Covering the UN climate change talks is, in many ways, a surreal experience. This year’s talks - the 18th Conference of the Parties (COP) to the UN Framework Convention on Climate Change (UNFCCC) - were held in Doha’s futuristic Qatar National Convention Centre. The front of the centre is propped up by structures shaped like huge tree trunks, and the inside is bathed in an eerie blue and green light, with a giant spider guarding the main foyer. The fact that you are always deprived of sleep during the marathon talks lends to the sense of otherworldliness.
But the sense of disconnectedness really sinks in when rushing from a press event featuring a squabble over the inclusion or exclusion of certain phrases in texts under negotiation to another by residents of small islands making an emotional appeal to save their people from imminent destruction.
It is not unusual for negotiators from countries steeped in the destructive realities of climate change to suddenly breakdown at the irrationality of it all - as Naderev Sano, chief negotiator from Philippines, did this year. His country is currently grappling with the aftermath of deadly Typhoon Bopha.
Climatologist Jeff Masters says Bopha is the third category 5 typhoon to hit the Western Pacific this year, and the strongest typhoon to slam the Philippine island of Mindanao, which “rarely sees strong typhoons due to its position close to the equator”. He explains, “Tropical cyclones rarely form so close to the equator because they cannot leverage the earth's rotation to get themselves spinning.”
Ultimately the talks are a heady cocktail of questions around survival, existence, science, nationalism, equity, class, faith, trust and big money
We cannot really tell if climate change had anything to do with Bopha’s unusual path of destruction, but many scientists believe global warming is increasing the frequency and severity of extreme events. During his appeal, a clearly overwhelmed Sano turned to the other negotiators to ask if they would be able to look their children in the eye and say they had done their best to avert catastrophe. Sano had raised similar emotional questions during the climate talks in Durban last year.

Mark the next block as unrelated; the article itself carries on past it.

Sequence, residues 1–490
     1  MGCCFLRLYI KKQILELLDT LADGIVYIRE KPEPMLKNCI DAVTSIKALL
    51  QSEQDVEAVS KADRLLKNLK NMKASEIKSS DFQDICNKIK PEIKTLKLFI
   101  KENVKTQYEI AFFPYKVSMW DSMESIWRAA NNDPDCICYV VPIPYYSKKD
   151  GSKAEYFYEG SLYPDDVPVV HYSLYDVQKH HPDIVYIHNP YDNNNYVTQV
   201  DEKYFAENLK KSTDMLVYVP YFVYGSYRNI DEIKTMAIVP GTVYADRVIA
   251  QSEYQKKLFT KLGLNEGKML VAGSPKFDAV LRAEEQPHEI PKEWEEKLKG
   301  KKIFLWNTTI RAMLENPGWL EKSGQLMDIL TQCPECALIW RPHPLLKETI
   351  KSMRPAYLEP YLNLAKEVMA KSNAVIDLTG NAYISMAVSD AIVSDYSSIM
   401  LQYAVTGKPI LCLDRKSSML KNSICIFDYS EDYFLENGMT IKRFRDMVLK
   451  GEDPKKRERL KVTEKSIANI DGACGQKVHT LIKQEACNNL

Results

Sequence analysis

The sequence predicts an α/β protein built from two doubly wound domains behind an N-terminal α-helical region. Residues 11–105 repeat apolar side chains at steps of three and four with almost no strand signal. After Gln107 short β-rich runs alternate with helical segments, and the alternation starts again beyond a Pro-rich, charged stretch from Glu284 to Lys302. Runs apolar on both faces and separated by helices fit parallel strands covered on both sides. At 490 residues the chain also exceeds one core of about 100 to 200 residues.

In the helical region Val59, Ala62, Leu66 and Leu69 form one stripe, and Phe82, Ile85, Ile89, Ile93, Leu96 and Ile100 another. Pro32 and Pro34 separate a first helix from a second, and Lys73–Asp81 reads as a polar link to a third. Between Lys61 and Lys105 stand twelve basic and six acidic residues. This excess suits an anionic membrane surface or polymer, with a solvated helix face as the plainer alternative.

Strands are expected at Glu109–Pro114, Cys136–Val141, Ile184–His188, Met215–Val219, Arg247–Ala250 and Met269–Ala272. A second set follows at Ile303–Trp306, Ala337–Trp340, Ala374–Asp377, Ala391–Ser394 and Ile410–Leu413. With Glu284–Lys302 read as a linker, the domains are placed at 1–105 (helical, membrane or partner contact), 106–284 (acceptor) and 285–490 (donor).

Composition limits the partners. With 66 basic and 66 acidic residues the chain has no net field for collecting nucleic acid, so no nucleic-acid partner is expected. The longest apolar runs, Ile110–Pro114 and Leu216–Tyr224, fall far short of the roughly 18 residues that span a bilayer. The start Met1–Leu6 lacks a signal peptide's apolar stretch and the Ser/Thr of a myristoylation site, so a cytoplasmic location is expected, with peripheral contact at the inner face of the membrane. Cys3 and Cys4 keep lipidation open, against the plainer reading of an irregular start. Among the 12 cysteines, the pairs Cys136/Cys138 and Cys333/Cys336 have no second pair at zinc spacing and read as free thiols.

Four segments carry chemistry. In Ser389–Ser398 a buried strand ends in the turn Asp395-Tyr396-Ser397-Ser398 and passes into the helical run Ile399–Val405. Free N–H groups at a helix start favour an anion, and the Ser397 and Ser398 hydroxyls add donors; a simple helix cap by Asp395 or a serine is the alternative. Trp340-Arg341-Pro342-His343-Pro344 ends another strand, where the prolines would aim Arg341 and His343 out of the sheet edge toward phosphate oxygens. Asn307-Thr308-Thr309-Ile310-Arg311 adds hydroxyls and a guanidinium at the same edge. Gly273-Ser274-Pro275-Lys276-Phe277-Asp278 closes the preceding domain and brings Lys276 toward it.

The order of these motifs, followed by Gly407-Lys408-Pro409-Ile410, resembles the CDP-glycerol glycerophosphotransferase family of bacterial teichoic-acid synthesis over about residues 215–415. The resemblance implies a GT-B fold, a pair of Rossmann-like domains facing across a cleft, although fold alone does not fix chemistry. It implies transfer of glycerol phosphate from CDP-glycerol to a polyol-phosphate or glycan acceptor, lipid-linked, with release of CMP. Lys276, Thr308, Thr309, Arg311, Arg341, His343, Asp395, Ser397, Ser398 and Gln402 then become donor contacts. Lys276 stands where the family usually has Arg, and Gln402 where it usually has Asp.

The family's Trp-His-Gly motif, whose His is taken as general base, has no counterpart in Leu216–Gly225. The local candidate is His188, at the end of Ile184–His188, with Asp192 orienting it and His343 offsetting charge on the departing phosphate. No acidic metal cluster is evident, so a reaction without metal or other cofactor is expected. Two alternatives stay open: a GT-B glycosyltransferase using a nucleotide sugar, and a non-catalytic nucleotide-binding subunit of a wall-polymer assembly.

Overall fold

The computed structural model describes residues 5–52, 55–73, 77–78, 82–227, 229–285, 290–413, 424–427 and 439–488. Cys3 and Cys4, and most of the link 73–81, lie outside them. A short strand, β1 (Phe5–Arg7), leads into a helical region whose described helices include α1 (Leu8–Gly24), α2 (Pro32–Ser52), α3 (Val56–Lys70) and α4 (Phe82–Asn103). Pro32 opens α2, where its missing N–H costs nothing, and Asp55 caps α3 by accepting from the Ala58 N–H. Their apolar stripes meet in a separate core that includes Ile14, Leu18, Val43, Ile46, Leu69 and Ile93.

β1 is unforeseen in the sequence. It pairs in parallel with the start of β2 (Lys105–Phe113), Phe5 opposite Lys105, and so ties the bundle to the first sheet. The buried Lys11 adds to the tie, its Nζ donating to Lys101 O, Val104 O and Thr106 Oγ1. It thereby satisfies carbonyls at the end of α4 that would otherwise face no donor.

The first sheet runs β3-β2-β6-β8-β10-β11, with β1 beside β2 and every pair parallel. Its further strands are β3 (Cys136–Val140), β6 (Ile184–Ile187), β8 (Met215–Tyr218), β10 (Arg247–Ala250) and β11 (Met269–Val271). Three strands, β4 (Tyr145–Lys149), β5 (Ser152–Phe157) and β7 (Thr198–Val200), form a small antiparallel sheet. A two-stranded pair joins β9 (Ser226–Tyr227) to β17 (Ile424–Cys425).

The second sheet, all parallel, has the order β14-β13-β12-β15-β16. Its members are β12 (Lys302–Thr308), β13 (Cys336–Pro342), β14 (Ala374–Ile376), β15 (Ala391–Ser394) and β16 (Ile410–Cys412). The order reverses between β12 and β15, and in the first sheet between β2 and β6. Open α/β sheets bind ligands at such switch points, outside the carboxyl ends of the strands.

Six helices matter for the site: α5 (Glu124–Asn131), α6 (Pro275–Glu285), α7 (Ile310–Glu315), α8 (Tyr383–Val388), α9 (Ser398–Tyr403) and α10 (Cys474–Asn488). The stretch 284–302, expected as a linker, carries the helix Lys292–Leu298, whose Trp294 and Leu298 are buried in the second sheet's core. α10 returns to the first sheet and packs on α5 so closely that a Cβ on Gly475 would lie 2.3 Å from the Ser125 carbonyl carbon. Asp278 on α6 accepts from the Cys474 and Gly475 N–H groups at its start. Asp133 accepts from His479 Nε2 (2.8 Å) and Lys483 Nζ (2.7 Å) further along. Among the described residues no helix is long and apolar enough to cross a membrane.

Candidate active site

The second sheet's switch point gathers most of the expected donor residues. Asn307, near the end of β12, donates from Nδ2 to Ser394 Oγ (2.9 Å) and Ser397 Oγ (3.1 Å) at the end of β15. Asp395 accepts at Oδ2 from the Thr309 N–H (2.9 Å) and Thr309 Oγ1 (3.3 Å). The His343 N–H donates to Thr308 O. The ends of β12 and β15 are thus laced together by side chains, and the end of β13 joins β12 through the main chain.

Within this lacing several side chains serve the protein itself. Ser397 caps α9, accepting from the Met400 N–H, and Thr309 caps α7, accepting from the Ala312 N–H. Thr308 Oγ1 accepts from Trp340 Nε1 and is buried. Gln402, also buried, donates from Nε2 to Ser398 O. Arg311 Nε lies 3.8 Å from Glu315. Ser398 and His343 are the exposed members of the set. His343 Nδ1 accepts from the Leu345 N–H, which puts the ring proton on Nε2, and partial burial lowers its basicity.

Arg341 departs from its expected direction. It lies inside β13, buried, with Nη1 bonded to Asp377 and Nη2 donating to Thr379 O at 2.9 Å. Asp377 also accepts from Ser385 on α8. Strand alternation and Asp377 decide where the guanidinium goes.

It recalled a moment in 2009, during the talks in Copenhagen - regarded as the worst COP - when Lumumba Di-Aping, lead negotiator of the G77 and China, broke down and said they had been asked to sign a suicide pact. He asked what President Barrack Obama would say to his daughters. And during the very first UN climate talks I covered, in Bali in 2007, I stumbled onto two representatives from Bangladesh crying on the steps outside the conference centre. They were distraught that they were unable to keep up with counterarguments from developed countries’ impressive legal armoury.
I spend most of every year covering attempts by poor countries to deal with extreme climate events like the droughts. I, too, find it difficult to reconcile a world in which poor countries are unable to adapt to climate change with the COPs’ barter of words and ideologies.
This year’s was no different from previous talks. But the debates were heightened as 2012 signals the end of the first commitment phase of the Kyoto Protocol, and of the 2007 long-term cooperative agreement (LCA) on providing support, in the form of finance and technology, to developing countries to help them reduce their emissions and adapt.